There’s a bunch of sayings out there that propagate the myth that pain means effort, or effort means pain. And that without pain, we aren’t making an effort.
We measure the amount the work someone puts in by how much they’ve had to suffer. And when someone doesn’t feel any pain and yet succeeds we automatically assume they had it easy and success “fell into their lap”.
This line of thinking infects our spiritual walk and we begin to measure someone’s commitment to God by how much they “suffer for the gospel”.
Yes, often great efforts produce great pains. Yes, many achievements – historic and contemporary – have been born at deep personal and communal costs.
And yet, not all effort results in pain. In fact, when someone continues to feel pain we can oftentimes know that they are doing it wrong.
For example if you keep pulling your shoulder muscle when you do overhead press, you probably have bad form. Likewise, if you keep crashing your car and getting whiplash, you may benefit from driving lessons.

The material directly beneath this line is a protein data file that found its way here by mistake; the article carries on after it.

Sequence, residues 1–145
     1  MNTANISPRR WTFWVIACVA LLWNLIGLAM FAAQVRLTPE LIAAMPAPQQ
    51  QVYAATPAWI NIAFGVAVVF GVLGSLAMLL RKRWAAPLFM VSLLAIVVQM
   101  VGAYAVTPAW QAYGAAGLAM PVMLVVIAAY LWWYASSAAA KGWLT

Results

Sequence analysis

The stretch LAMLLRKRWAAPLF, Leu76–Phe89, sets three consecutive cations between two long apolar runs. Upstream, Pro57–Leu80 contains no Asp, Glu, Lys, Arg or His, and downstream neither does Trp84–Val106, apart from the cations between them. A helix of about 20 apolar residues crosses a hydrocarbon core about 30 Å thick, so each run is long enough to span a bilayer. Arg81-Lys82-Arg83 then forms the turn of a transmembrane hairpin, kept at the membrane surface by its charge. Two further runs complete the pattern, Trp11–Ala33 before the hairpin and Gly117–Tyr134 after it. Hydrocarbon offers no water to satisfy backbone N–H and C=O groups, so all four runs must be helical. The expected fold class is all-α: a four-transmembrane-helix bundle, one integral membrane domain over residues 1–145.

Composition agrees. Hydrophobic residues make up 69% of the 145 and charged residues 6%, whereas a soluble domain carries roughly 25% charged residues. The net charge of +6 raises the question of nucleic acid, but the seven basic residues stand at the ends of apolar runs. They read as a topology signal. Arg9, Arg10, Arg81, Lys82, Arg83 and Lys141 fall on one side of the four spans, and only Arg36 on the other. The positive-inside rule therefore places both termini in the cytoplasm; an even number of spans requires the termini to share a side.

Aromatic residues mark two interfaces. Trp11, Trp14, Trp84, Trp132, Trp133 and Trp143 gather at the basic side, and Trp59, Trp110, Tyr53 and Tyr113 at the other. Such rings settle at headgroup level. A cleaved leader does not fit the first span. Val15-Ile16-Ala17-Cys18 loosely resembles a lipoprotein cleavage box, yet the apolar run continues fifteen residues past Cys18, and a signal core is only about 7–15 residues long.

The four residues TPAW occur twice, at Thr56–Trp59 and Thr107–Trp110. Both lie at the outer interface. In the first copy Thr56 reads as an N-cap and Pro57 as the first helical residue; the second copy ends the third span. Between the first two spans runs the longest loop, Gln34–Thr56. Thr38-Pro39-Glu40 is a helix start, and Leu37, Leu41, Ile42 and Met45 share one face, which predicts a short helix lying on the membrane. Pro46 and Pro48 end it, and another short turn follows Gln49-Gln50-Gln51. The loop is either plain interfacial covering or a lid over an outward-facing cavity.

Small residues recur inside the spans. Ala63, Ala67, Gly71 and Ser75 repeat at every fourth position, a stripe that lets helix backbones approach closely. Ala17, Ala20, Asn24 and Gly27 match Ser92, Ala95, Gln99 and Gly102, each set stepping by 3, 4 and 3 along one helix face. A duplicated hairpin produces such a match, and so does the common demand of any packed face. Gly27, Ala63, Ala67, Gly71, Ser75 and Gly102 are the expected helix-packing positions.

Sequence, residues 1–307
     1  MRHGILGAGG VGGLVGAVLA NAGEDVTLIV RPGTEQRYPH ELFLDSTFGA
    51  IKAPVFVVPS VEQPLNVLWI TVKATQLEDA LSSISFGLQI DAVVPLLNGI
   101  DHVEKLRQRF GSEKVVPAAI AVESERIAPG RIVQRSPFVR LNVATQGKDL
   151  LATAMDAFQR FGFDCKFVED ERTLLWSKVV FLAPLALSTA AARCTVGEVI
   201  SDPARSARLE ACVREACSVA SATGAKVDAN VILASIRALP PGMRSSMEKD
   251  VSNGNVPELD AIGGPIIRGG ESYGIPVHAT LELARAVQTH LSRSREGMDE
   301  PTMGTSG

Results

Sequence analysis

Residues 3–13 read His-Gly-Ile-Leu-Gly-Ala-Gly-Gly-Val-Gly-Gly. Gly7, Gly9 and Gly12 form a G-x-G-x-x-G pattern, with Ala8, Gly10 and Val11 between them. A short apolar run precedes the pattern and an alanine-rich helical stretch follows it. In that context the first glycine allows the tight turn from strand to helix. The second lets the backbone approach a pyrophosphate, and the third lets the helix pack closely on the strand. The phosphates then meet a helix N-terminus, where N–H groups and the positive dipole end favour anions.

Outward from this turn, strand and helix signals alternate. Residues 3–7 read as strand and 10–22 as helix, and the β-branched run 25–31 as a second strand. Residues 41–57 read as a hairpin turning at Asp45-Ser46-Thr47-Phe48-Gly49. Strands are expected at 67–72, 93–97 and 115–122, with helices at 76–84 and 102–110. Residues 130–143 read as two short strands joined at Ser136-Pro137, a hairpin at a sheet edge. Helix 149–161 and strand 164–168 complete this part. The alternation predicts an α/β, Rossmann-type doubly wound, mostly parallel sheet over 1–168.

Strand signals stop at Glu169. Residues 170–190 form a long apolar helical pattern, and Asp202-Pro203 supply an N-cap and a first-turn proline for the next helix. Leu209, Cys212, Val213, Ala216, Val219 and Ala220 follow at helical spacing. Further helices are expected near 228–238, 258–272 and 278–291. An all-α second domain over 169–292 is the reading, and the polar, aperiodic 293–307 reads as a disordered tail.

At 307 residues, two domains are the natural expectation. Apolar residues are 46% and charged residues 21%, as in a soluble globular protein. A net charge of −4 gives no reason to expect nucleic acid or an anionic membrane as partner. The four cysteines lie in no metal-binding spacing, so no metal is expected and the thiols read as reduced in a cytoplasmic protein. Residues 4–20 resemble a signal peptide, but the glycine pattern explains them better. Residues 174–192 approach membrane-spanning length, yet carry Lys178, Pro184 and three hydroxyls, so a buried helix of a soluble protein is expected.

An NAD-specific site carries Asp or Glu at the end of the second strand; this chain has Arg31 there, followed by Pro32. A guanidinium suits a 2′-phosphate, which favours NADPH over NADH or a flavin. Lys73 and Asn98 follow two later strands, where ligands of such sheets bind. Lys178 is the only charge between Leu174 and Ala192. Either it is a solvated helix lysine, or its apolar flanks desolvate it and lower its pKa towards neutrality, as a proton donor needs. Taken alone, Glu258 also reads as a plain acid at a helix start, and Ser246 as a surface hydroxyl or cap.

Sometimes we need encouragement when pain comes, sometimes we need course correction. But sometimes we encourage those going in the wrong direction and attempt to correct the course of someone who should persevere.
Just because your legs ache from 26 miles of running, doesn’t mean you crossed the finish line, stayed the course or even started the Marathon Event.
If your experiencing pain, check why.